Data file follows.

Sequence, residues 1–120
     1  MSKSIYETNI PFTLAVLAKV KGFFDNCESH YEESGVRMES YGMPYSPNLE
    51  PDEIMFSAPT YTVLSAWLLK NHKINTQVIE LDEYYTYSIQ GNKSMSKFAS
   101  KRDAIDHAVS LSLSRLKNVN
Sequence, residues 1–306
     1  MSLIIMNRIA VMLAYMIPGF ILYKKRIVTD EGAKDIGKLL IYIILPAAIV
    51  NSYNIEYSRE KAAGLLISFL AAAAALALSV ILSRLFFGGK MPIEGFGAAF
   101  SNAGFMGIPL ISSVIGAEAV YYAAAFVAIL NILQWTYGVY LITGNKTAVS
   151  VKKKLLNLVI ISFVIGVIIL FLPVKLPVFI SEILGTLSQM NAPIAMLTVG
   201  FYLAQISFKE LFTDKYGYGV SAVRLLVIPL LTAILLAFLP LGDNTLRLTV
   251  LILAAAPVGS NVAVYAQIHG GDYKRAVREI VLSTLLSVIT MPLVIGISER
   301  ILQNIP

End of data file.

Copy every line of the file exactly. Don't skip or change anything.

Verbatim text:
Sequence, residues 1–120
     1  MSKSIYETNI PFTLAVLAKV KGFFDNCESH YEESGVRMES YGMPYSPNLE
    51  PDEIMFSAPT YTVLSAWLLK NHKINTQVIE LDEYYTYSIQ GNKSMSKFAS
   101  KRDAIDHAVS LSLSRLKNVN
Sequence, residues 1–306
     1  MSLIIMNRIA VMLAYMIPGF ILYKKRIVTD EGAKDIGKLL IYIILPAAIV
    51  NSYNIEYSRE KAAGLLISFL AAAAALALSV ILSRLFFGGK MPIEGFGAAF
   101  SNAGFMGIPL ISSVIGAEAV YYAAAFVAIL NILQWTYGVY LITGNKTAVS
   151  VKKKLLNLVI ISFVIGVIIL FLPVKLPVFI SEILGTLSQM NAPIAMLTVG
   201  FYLAQISFKE LFTDKYGYGV SAVRLLVIPL LTAILLAFLP LGDNTLRLTV
   251  LILAAAPVGS NVAVYAQIHG GDYKRAVREI VLSTLLSVIT MPLVIGISER
   301  ILQNIP